The Aya Neo Pocket Air is sold in three SKUs. Depending on which SKU you purchase, the chipset is accompanied by 6, 8 or 12GB of LPDDR5 RAM. The MediaTek Dimensity 1200 chip is common across all three options.
- 6GB + 128GB - $319 ($299 'early bird' on IndieGoGo)
- 8GB + 256GB - $429 ($379 'early bird' on IndieGoGo)
- 12GB + 512GB - $519 ($459 'early bird' on IndieGoGo)
Aya Neo Pocket Air Review - Performance
While you're losing a little bit of processing grunt when compared to the Windows-based Aya Neo handhelds – which are powered by AMD Ryzen silicon – there's no denying that the Pocket Air is an absolute beast when it comes to emulation.
Sure, it might not run Baldur's Gate 3 or Armored Core 6 like the $1000+ Aya Neo Air 1S, but for that lower cost, you're getting a device which is capable of running pretty much any classic game you throw at it. PlayStation 2 emulation is especially impressive; using the peerless AetherSX2 emulator, we were able to enjoy a wide range of PS2 classics at almost full speed.
Even the Sega Saturn – which is traditionally quite a stubborn monster when it comes to emulation, thanks to its complex internal architecture – runs well on the Aya Neo Pocket Air using the Yaba Sanshiro 2 emulator. There are some audio skips, but the gameplay is smooth and the 3D visuals are even upscaled, making things look a lot sharper.
GameCube emulation via Dolphin requires a little more effort to get running well, but with a bit of tinkering, you can achieve relatively smooth performance. Naturally, anything older than the PlayStation 2 will also run perfectly on this device, either via the excellent RetroArch or by using one of the many emulators already available on the Google Play Store.
Outside of emulation, the Aya Neo Pocket Air also handles native Android games with ease. Titles like Asphalt 9: Legends and Star Wars: Galaxy of Heroes all boast visuals which are close to what you'd experience on the likes of the Nintendo Switch, and they all run as smooth as butter in the Pocket Air.
Of course, with this being Android, you have the option of playing games via cloud-based platforms, such as Xbox Game Pass. Your mileage will naturally vary depending on the speed of your WiFi and your proximity to your wireless router, but it's a handy option if you're missing the thrill of AAA games and want to play them away from the television.
Oh, and the Pocket Air runs Fortnite, which we thought was worth mentioning.
Aya Neo Pocket Air Review - Battery Life
The Aya Neo Air's 7350mAh means this device fixes one of the critical issues we've had with other Aya Neo devices: stamina. Obviously, this unit uses a less powerful chipset which is focused on mobile use, but even so, it's shocking how long the battery lasts between charges – especially after we've become so accustomed to charging our Aya Neo Air 1S after an hour of AAA gaming.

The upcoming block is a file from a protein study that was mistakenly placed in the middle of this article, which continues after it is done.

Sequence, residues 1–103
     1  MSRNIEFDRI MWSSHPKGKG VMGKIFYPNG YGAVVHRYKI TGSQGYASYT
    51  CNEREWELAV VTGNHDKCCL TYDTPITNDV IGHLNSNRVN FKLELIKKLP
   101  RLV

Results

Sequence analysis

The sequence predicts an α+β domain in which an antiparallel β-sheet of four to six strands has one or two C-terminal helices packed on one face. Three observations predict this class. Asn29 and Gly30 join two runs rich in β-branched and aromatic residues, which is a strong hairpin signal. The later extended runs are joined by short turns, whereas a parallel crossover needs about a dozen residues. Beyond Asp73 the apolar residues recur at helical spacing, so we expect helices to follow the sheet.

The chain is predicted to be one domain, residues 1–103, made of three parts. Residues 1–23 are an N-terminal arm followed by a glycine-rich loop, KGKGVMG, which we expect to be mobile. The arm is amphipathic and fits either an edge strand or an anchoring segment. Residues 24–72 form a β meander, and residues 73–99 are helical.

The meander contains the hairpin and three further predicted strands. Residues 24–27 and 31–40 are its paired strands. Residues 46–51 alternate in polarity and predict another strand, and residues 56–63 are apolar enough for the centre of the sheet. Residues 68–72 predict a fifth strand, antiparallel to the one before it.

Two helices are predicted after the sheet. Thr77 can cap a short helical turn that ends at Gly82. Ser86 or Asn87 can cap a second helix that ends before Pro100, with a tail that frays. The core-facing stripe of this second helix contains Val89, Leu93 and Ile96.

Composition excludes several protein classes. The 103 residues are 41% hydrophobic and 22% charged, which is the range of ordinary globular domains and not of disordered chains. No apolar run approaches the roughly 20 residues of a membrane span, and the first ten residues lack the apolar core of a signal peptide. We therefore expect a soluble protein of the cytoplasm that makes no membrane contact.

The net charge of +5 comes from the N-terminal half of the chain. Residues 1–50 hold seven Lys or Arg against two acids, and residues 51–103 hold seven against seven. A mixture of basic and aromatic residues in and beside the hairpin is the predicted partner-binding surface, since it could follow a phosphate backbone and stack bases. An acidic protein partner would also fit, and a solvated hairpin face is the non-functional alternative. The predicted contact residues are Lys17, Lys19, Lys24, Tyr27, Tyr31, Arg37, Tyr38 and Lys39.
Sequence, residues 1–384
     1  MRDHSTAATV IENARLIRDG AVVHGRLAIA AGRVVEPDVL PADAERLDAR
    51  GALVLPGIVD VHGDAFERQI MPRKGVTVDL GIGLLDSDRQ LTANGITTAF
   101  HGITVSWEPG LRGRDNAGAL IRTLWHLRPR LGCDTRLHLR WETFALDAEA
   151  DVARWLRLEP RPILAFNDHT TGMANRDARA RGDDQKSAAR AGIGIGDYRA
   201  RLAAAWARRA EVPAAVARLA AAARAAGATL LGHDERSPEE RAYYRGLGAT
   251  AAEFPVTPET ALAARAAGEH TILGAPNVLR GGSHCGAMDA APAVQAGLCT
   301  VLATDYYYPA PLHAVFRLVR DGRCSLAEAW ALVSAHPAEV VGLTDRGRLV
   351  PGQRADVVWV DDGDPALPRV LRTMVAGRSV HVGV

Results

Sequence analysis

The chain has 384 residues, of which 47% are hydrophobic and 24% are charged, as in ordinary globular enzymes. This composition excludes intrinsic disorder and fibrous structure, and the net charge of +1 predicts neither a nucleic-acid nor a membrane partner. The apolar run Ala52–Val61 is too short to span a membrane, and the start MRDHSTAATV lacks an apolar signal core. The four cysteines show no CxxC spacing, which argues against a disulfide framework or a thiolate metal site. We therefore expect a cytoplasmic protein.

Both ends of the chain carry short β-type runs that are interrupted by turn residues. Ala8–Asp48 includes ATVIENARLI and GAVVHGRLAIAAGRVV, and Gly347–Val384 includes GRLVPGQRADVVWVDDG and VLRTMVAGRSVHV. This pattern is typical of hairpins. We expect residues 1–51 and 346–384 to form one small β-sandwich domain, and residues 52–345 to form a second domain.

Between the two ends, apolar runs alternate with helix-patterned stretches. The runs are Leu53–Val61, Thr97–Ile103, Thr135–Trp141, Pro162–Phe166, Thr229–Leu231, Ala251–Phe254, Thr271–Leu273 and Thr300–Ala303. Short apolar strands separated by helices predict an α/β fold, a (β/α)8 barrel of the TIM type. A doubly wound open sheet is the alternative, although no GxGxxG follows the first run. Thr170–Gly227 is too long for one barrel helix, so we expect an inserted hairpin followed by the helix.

Using PS2 emulation as a test, we found that in the system's 'Balanced' gaming mode (and with the screen at close to full brightness and the audio at a relatively high volume), the battery would last around three-and-a-half hours on a single charge. Less demanding emulation tasks are clearly going to push that number up, so, on average, you'd be wise to expect about four hours of use per charge. Likewise, if you switch to 'Game' mode (the most demanding option) and put the fan on full speed, you can expect stamina to drop.
Aya Neo Pocket Air Review - Conclusion
Just as it has shaken up the world of handheld gaming PCs, Aya Neo's first Android-based portable raises the bar when it comes to design, features and power.
It leaves similar Android consoles from companies like Retroid and Anbernic in the dust thanks to its superior internals, outstanding display and intelligently designed custom software. Of course, all of this comes at a cost; the Aya Neo Pocket Air is comfortably more expensive than its rivals, so you really do get what you pay for.
Some might grumble that, by switching to Android for this variant, Aya Neo has removed the ability to experience AAA games on the go, but that's rather missing the point. The company has positioned this product as a retro gamer's dream come true, and it certainly delivers in that regard. And, while it's more expensive than its direct competitors, it's cheaper than its Windows-based siblings by some margin despite sharing many of the same hardware features.
With its sleek looks, eye-catching screen, powerful chipset and intuitive, touch-friendly Android OS, the Aya Neo Pocket Air redefines the standard for emulation handhelds, both Android-based and otherwise. The key sticking point for many people will be the cost as there are cheaper alternatives out there if you're looking for a pure emulation handheld – but ultimately, we feel the additional expense is more than worth it.
Review unit kindly supplied by Aya Neo.